The collections has most wonderful illuminated manuscripts, stained glass, wrought-iron work, enamels, ivory and paintings.
THIS COMPLEX IS ABSOLUTE UNIQUE IN THE USA.
CLOSED: all Mondays
FREE PARKING available.
DAILY TOURS AND LECTURES AND
A NICE GIFT SHOP WITH HIGH QUALITY GIFTS....
The Cloisters (Part of the Metropolitan Museum)
It is a wonderfull collection of art and architecture of medieval Europe. It features five medieval French cloisters—quadrangles (!), gardens, Cloisters also rewards visitors with exquisite manuscripts, stained glass, metalwork, enamels, ivories, and tapestries.
It's located far in the north of Manhattan (193th street or so; Fort Tyron Park). You can go there by subway.
The Cloisters Museum in Fort Tyron Park and is the branch of the Metropolitan Museum devoted to the art and architecture of medieval Europe. Located on four acres overlooking the Hudson River, the building incorporates elements from five medieval French cloisters—quadrangles enclosed by a roofed or vaulted passageway, or arcade—and from other monastic sites in southern France.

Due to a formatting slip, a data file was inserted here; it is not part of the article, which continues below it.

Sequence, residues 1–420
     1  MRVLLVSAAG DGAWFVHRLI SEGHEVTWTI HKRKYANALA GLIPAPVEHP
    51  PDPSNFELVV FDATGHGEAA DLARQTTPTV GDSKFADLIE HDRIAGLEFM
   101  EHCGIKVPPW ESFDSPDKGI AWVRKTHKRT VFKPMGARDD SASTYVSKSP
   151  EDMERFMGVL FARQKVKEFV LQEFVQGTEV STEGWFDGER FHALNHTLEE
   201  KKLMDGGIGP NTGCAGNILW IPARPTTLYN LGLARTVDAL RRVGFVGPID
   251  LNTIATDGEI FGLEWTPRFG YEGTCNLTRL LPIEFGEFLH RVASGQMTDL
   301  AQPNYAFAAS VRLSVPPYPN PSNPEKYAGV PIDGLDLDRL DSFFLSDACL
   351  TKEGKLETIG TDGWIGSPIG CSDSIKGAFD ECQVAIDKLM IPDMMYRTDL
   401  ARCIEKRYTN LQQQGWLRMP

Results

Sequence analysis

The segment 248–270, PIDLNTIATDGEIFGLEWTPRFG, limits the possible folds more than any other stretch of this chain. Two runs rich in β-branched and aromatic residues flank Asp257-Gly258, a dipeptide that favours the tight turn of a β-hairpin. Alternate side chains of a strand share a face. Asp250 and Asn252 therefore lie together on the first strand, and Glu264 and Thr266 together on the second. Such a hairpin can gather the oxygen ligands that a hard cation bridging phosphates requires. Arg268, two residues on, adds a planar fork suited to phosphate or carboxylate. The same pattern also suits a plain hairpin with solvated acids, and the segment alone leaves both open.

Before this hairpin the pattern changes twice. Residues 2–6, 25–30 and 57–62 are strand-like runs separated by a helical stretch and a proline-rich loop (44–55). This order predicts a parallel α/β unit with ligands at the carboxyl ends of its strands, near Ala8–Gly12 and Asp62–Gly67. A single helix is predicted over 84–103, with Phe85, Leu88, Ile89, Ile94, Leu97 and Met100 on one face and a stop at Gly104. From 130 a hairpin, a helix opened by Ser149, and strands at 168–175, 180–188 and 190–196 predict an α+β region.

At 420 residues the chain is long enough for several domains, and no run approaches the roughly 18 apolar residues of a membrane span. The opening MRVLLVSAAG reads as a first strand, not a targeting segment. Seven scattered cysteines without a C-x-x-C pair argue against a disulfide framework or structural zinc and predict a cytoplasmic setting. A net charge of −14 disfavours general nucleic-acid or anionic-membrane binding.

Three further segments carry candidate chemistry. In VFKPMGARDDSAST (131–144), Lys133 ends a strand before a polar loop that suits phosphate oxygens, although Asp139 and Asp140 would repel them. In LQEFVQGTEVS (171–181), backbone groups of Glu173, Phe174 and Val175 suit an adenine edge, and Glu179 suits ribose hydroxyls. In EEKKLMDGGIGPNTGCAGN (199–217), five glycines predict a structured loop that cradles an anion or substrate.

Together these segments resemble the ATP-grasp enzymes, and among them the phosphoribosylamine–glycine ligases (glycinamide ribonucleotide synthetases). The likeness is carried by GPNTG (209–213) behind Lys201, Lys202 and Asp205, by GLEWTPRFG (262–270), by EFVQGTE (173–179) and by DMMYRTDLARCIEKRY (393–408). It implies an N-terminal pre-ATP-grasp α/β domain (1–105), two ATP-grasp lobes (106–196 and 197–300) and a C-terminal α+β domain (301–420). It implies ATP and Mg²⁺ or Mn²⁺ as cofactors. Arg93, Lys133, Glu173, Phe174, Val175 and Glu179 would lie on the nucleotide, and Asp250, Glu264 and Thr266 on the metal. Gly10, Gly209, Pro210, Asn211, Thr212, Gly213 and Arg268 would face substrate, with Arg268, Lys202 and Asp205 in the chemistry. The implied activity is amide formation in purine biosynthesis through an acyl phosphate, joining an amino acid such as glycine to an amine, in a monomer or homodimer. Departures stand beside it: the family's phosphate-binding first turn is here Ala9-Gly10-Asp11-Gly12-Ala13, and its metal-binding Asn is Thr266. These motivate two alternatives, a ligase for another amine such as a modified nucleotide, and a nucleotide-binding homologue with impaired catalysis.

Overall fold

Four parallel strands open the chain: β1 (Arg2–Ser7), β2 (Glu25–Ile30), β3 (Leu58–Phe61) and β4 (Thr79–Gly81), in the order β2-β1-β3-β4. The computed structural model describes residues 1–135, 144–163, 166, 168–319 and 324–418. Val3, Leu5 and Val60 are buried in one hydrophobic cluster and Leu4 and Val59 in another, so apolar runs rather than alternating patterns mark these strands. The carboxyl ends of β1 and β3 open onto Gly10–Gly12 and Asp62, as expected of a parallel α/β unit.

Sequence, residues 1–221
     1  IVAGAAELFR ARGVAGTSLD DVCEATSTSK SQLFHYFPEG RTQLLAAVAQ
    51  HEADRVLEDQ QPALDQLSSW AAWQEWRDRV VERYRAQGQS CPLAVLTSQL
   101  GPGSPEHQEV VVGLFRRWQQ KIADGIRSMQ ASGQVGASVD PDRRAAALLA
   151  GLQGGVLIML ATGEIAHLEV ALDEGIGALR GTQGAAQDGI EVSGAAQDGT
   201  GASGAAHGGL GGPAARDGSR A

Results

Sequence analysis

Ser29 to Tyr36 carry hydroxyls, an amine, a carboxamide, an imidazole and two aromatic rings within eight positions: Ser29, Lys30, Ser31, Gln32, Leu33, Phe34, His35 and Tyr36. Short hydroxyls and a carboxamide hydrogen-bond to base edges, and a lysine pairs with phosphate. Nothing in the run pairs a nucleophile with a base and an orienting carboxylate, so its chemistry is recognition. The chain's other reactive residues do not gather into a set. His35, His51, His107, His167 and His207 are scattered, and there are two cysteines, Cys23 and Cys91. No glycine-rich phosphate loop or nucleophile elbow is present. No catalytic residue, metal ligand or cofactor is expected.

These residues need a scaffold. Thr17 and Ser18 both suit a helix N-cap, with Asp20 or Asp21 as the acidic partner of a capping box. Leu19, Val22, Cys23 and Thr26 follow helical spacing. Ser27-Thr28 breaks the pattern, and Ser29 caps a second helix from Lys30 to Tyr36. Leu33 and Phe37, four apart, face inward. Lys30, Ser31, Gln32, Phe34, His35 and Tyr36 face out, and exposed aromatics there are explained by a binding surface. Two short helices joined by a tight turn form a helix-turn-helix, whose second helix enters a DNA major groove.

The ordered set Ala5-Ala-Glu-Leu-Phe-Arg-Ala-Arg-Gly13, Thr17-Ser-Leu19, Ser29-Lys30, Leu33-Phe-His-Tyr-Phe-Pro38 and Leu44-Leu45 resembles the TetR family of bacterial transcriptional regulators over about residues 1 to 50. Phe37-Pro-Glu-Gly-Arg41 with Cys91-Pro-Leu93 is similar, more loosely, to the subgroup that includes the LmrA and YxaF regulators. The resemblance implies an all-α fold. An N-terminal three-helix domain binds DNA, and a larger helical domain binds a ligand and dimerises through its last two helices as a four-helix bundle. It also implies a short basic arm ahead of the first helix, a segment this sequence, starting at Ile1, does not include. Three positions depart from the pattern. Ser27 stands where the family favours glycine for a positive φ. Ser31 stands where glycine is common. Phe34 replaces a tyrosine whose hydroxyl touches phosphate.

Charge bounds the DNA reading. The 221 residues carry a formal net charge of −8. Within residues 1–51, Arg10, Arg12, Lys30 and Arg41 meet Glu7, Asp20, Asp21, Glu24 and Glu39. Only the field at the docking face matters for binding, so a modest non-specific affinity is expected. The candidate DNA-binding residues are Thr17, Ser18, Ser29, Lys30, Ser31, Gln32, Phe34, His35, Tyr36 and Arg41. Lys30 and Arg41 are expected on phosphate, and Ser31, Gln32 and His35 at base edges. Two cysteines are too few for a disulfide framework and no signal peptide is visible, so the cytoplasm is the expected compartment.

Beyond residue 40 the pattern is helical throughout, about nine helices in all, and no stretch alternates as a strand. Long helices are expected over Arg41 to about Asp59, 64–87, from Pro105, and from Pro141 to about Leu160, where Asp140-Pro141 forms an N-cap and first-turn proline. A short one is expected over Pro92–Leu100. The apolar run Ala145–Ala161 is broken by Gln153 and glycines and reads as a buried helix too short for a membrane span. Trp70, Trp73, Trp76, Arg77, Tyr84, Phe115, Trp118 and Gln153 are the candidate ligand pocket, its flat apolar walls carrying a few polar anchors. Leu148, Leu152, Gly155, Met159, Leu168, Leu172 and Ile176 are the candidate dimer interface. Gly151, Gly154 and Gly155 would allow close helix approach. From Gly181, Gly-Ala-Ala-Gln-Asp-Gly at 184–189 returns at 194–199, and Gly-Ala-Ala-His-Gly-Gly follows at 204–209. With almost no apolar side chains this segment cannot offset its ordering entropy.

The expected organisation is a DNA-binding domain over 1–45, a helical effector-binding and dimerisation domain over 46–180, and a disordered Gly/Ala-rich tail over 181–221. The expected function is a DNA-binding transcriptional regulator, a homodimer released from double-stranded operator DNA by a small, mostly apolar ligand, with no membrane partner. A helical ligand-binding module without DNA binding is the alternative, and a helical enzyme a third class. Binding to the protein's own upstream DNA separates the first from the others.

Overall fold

Three of the cloisters reconstructed at the branch museum feature gardens planted according to horticultural information found in medieval treatises and poetry, garden documents and herbals, and medieval works of art, such as tapestries, stained-glass windows, and column capitals. Approximately five thousand works of art from medieval Europe, dating from about A.D. 800 -- with particular emphasis on the twelfth through fifteenth century -- are exhibited here!
The Cloisters is a branch of the Metropolitan Museum of Art. It is devoted to the art and architecture of Medieval Europe. It is located in Fort Tryon Park, high above the Hudson River at about 190th Street.
The Cloisters - the most special museum in NYC
Part of the Met, this museum is in a monestary building in the middle of a park, up in a less-noisy, busy part of Manhattan. Take the A train up to 190th Street and walk north through Fort Tryon park, until you see the building, which you can't miss. Enjoy the daffodils and the azaleas in the spring, and the shady paths in the summer. When you get to the Cloisters, be sure to see the Unicorn tapestries and the stained glass exhibits - those are my favorites. This is a very peaceful excursion for a relaxing afternoon.